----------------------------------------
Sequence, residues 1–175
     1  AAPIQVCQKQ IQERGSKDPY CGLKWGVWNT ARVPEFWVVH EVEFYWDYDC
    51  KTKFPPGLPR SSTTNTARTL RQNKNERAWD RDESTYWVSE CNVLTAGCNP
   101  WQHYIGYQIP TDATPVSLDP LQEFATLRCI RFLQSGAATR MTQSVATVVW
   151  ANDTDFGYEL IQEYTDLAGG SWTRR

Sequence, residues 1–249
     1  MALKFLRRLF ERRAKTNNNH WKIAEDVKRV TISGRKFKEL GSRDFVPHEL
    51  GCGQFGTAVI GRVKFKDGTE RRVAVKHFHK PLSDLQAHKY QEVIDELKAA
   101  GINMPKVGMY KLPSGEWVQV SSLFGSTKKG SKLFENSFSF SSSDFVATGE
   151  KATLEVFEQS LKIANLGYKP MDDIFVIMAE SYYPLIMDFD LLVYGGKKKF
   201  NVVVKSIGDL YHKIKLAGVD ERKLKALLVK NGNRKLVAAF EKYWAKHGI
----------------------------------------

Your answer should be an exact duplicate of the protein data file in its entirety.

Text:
Sequence, residues 1–175
     1  AAPIQVCQKQ IQERGSKDPY CGLKWGVWNT ARVPEFWVVH EVEFYWDYDC
    51  KTKFPPGLPR SSTTNTARTL RQNKNERAWD RDESTYWVSE CNVLTAGCNP
   101  WQHYIGYQIP TDATPVSLDP LQEFATLRCI RFLQSGAATR MTQSVATVVW
   151  ANDTDFGYEL IQEYTDLAGG SWTRR

Sequence, residues 1–249
     1  MALKFLRRLF ERRAKTNNNH WKIAEDVKRV TISGRKFKEL GSRDFVPHEL
    51  GCGQFGTAVI GRVKFKDGTE RRVAVKHFHK PLSDLQAHKY QEVIDELKAA
   101  GINMPKVGMY KLPSGEWVQV SSLFGSTKKG SKLFENSFSF SSSDFVATGE
   151  KATLEVFEQS LKIANLGYKP MDDIFVIMAE SYYPLIMDFD LLVYGGKKKF
   201  NVVVKSIGDL YHKIKLAGVD ERKLKALLVK NGNRKLVAAF EKYWAKHGI